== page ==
Alvah Parker

Article Summary:

How to build a referral-based business by fostering strong relationships with their network.

Building A Referral-Based Practice Through Networking

"It is all about relationships", I said to the woman lawyer with whom I had worked for several months. She was about to open a new law practice. She had some established clients from her previous office. She planned to maintain the relationships with these clients and begin to identify new people to approach.

"All things being equal, people will do business with, and refer business to, those people they know, like and trust." says Bob Burg in his book Endless Referrals. So how do you get people to "know, like and trust" you?

It takes many exposures to you to build that trust so the sooner you begin to build your network of relationships the better.

Who are the people you want in your network? From a business perspective you want potential clients or people who know potential clients. How do you find those people?

The amazing thing is that you never know who other people know! It is said each one of us knows 250 people. The first step is to write down your own 250. Start first with family members, then friends, school colleagues, professional colleagues, vendors, etc. You are on your way.

The next time you meet with someone on your list, will you be able to tell them about your work and who would make a good client for you? If not you will need to prepare that.

Prepare a short statement that gives the benefit to the client of the work that you do. Saying I am a lawyer and my specialty is trusts and estates doesn't lend itself to more conversation. You are more likely to hear something like "Oh, isn't that nice." and a new subject brought up.

A better short statement might be I work with caring people who want to plan for the security of their family members or I help people to prepare for the natural events that occur in life. Here they might ask, "How do you do that?" Then you can talk about what trusts and wills can do for people.

You also want to tell them who would make a good client for you. So you might add, "A good prospective client for me would be someone who is expecting or adopting his/her first child. Do you know anyone like that?"

Networking is a give and take process so you want to be sure you listen to what the other person does and who would make a good client for that person. Part of the whole business development process is helping others too. When you are generous with your referrals you will get many in return.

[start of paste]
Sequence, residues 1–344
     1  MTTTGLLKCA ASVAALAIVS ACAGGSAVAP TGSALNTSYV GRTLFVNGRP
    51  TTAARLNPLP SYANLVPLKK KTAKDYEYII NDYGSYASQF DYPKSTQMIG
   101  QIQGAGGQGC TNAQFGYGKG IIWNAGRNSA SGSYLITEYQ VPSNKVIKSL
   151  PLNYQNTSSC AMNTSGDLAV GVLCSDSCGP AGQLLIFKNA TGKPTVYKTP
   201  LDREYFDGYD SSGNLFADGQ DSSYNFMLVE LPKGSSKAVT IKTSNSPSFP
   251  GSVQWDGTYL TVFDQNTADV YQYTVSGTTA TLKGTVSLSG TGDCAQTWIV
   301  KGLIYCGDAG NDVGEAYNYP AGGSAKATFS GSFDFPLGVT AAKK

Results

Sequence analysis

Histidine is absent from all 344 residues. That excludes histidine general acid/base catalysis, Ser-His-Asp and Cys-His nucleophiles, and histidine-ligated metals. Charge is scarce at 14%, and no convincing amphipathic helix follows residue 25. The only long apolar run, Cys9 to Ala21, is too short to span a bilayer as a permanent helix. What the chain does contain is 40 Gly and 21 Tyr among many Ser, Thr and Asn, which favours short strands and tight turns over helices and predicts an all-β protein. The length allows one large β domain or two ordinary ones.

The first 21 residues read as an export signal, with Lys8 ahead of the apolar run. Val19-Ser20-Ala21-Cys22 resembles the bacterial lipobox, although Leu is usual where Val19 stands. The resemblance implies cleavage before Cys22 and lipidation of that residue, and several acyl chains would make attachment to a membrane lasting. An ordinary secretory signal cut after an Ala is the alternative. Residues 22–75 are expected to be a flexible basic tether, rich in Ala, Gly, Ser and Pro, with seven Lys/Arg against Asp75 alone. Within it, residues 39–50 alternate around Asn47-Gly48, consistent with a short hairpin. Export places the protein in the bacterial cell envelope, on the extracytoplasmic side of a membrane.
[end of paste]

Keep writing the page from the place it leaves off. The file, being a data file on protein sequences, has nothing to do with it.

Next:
You've started with your own personal network but when you expand this network, you'll want to think more strategically. Who are your most likely referrers? Past clients are a strong possibility. If they liked your work, they will be willing to recommend you to others who have a similar need. People who have frequent contact with your target market would be another group that offers possibilities.

Finally we all know a few naturally gregarious people who love telling people about someone they know who is great at ______ - the person with the big rolodex that loves connecting people. This kind of person can be a great resource for you!

If business is all about relationships then it is up to you as the business owner to keep those relationships going. As you begin to see referrals, you will know who your best referrers are. Treat them well. Stay in front of them so when a potential client for you comes their way, you will be the first person they think of.

Take Action

1. If you have never done this before, make a list of your friends, family and other connections. How close to 250 do you get? Remember this does not mean you know the people well. Check your Christmas card list!

2. Make a list of your current and past clients. Do you know which ones are referring business to you? Take an action right now to let all your current and past clients know you appreciate referrals.

3. Make a list of good strategic partners for you. If you know names, put them on the list. If you know occupations or categories of people, put them on the list. Think about ways to meet these people either by going to a meeting or asking someone you know to introduce you.

Alvah Parker is a Practice Advisor for attorneys and Career Transition Coach as well as publisher of Parker's Points, an email tip list and Road to Success, an ezine. To subscribe send an email to join-roadtosuccess@
go.netatlantic.com. Parker's Value Program enables clients to find a way to work that is more fulfilling and profitable. She is both a Practice Advisor and Coach to attorneys, sole practioners, and works with people in transition to find a fulfilling career. Alvah is found on the web at www.asparker.com. She may also be reached at 781-598-0388.

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